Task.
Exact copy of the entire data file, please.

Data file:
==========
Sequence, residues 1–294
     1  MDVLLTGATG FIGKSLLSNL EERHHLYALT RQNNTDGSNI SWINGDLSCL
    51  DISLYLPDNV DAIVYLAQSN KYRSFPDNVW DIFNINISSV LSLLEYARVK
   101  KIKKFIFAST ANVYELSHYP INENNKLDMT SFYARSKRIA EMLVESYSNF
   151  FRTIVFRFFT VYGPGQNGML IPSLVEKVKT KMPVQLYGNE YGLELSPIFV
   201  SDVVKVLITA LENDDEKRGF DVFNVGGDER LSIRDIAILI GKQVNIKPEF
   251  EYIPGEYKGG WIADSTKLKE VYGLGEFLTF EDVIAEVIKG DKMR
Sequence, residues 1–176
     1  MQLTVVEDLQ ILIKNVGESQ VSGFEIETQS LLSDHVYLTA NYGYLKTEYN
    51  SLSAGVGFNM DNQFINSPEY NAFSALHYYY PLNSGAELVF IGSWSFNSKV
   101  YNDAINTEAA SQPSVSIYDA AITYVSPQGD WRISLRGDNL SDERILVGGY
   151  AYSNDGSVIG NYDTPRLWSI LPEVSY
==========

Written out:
Sequence, residues 1–294
     1  MDVLLTGATG FIGKSLLSNL EERHHLYALT RQNNTDGSNI SWINGDLSCL
    51  DISLYLPDNV DAIVYLAQSN KYRSFPDNVW DIFNINISSV LSLLEYARVK
   101  KIKKFIFAST ANVYELSHYP INENNKLDMT SFYARSKRIA EMLVESYSNF
   151  FRTIVFRFFT VYGPGQNGML IPSLVEKVKT KMPVQLYGNE YGLELSPIFV
   201  SDVVKVLITA LENDDEKRGF DVFNVGGDER LSIRDIAILI GKQVNIKPEF
   251  EYIPGEYKGG WIADSTKLKE VYGLGEFLTF EDVIAEVIKG DKMR
Sequence, residues 1–176
     1  MQLTVVEDLQ ILIKNVGESQ VSGFEIETQS LLSDHVYLTA NYGYLKTEYN
    51  SLSAGVGFNM DNQFINSPEY NAFSALHYYY PLNSGAELVF IGSWSFNSKV
   101  YNDAINTEAA SQPSVSIYDA AITYVSPQGD WRISLRGDNL SDERILVGGY
   151  AYSNDGSVIG NYDTPRLWSI LPEVSY